U obecního dvora 798/5: House of the Censors
The short mediaeval street near the Convent of Saint Agnes has a fascinating history. In the Middle Ages, Prague’s Municipal Court (Obecní dvůr) had its seat here. Two doors away sat the Censors, whose job it was to control publications. This task was carried out with some fervour until the mid-nineteenth century – even though a free press had existed since 1781. The initial over the door is that of František Antonín Mayer, one of the most feared of all censors, who had the house remodelled in 1795.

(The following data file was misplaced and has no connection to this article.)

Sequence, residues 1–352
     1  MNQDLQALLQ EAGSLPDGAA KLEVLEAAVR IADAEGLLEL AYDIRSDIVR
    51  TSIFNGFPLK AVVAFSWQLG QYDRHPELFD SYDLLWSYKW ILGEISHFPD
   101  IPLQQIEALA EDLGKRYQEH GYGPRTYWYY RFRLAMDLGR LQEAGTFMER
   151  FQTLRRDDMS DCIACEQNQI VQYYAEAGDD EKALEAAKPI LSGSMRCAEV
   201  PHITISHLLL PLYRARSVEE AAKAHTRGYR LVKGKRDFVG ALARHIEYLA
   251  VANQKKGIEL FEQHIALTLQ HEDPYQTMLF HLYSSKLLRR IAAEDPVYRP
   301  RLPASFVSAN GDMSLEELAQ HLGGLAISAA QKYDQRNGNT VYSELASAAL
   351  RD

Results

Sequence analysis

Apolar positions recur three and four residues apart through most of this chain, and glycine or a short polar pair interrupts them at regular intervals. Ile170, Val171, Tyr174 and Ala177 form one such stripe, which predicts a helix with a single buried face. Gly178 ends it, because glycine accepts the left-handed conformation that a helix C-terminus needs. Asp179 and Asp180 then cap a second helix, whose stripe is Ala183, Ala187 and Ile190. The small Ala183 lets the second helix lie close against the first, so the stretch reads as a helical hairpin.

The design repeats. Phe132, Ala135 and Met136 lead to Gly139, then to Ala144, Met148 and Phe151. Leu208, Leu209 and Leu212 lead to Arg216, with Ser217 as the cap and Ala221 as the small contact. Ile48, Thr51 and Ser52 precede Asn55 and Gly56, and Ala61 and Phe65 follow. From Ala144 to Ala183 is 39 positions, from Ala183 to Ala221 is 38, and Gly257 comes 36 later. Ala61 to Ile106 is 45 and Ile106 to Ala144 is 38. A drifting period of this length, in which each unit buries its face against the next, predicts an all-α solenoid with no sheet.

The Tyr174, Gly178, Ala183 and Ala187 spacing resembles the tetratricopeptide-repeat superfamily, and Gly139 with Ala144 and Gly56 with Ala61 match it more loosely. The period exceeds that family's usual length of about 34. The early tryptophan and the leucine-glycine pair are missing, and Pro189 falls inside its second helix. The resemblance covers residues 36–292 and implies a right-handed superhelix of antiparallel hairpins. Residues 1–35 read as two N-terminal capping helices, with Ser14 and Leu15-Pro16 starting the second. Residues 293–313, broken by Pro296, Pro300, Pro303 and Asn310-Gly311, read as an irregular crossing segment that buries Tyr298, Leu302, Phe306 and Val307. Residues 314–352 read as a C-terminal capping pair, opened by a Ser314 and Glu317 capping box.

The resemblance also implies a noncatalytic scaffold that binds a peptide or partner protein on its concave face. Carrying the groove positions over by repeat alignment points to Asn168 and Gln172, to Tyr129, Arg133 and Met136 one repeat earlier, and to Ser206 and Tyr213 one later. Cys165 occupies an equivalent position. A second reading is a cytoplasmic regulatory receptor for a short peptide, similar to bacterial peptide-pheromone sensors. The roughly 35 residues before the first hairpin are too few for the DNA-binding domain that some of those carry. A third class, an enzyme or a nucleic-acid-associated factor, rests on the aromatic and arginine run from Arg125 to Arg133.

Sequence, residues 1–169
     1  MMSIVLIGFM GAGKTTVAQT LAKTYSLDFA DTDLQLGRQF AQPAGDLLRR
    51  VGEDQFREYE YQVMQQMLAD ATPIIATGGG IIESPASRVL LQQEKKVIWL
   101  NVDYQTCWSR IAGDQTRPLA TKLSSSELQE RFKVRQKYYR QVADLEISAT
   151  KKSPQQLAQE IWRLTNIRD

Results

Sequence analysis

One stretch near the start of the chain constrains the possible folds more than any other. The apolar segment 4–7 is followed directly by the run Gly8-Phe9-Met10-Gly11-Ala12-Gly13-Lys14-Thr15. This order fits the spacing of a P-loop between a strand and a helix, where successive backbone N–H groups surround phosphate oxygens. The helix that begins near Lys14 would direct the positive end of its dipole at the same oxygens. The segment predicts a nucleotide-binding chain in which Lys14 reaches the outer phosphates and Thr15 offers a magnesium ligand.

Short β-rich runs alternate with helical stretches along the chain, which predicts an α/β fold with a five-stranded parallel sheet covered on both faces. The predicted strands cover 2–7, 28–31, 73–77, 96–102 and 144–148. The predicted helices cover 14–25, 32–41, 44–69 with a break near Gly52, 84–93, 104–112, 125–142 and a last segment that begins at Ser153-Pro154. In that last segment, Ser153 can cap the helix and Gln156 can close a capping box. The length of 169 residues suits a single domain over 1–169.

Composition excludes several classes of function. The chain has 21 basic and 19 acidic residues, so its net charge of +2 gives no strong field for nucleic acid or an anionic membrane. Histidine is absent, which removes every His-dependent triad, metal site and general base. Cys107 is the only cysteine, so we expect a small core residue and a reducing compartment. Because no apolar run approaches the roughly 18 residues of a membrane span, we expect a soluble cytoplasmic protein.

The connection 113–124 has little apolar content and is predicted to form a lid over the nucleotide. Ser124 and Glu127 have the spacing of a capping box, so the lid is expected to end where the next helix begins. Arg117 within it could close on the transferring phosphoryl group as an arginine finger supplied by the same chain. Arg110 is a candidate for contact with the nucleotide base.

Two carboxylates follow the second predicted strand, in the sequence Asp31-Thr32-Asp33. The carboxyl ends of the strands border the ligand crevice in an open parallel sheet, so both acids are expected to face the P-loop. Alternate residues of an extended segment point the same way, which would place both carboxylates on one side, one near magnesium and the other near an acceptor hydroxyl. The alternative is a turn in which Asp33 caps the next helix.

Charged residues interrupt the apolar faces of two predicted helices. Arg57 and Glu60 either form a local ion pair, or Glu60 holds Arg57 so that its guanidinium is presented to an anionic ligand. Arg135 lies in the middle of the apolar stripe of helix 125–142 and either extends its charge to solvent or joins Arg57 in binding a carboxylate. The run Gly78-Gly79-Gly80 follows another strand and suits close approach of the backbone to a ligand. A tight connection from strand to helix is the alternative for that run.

Next door, as the plaque records, ‘in house number 799 was born on 12 May 1820 the Czech painter Josef Mánes’. Mánes was one of a great dynasty of Prague artists and the man responsible for the addition of the months and zodiac signs to the mediaeval Astronomical Clock in the Old Town Square. His father Antonín, the father of Czech landscape art, had had his studio in the turret of the House of the Censors.